Car Dealer Scams: Auto Trade-ins and Negative Equity
With this, one of the most widespread car dealer scams, the auto dealer assures to “pay off your trade-in no matter how much you owe”. Such kind of ads are shown on TV, aired on radio and published in print media. But they are insincere at best. Vehicle owner which is upside-down on his trade-in (owes more on the car than it`s worth) has “negative equity”, and the dealer`s words the customer shouldn`t care about the old car loan may sound misleading.
As requested by FTC (Federal Trade Commission), nation`s consumer protection agency vehicle owners with negative equity should carefully pertain car trade-in offers. The dealer will pay the difference and then attach it in the new car note. And the consumer will be entitled to pay for the new vehicle and the balance owed on his trade- in.
Let`s describe how one of the most common car dealer scams work. If your loan payoff is $15,000 but you vehicle is worth $13,000 your negative equity is $2,000 which must be paid until trading in for a newer vehicle. If the dealer assures that he will pay this amount he includes it into the loan on a new car and deduct from your down payment. As a result a monthly payment is increased, and you`re entitled not only to pay this $2,000, but finance it too.
What to do to avoid negative equity car dealer scam.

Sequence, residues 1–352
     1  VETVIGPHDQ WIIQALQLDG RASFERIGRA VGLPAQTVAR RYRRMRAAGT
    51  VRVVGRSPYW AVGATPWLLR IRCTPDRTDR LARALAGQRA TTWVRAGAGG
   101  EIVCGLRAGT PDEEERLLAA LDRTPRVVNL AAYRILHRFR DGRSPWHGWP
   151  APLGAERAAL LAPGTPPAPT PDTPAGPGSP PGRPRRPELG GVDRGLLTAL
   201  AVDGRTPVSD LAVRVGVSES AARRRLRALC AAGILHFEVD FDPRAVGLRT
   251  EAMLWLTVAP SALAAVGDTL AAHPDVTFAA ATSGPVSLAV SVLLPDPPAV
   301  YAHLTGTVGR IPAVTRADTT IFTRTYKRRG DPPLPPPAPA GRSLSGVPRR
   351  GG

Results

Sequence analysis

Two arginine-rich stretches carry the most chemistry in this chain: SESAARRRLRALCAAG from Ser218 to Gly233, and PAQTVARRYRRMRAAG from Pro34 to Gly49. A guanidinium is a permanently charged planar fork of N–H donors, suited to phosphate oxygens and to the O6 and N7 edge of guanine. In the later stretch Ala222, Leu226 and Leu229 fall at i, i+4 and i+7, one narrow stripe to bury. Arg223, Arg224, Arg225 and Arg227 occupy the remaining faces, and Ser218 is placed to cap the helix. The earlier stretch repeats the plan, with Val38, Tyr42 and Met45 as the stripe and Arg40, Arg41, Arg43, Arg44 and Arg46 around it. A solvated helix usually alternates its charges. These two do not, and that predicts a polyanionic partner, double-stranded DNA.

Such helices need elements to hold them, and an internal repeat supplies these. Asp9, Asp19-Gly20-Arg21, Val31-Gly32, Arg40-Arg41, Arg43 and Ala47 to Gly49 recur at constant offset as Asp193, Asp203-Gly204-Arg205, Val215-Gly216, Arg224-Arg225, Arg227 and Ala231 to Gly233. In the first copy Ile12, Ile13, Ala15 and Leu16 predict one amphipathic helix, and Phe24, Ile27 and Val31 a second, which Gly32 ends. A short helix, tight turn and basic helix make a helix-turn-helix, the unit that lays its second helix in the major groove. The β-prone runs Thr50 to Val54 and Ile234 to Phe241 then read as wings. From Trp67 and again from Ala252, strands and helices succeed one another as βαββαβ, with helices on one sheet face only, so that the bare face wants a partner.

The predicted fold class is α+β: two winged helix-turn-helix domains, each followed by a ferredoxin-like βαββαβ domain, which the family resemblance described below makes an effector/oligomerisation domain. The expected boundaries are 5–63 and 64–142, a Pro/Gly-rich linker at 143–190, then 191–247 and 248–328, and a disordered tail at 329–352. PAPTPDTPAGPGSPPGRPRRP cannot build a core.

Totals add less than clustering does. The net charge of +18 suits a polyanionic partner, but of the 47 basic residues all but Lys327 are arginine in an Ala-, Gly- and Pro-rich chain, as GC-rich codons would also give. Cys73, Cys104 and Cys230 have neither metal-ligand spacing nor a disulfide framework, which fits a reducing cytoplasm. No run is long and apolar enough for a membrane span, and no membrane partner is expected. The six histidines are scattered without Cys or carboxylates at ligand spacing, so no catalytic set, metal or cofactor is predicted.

- Before going to the dealership find out what your current car is worth. It can be don through National Automobile Dealers Association`s Guides, Kelley Blue Book or trustful online resources, like Edmunds.
- As requested by federal low dealer must disclose to customer the cost of credit. Carefully read the information regarding amount financed and down payment. Before signing the contract try to understand how the dealer treats your negative equity. Make sure that all the promises made by dealer orally are included in the contract.
- The length of new loan term should be as short as possible. The longer is the loan the more time it will take you to reach positive equity in the car.
To report car dealer scams including finance contracts, false advertising and promises, consumers should contact Federal Trade Commission and your state General Attorney.
Remember that qualified dealer fraud attorney will always help you to protect your rights.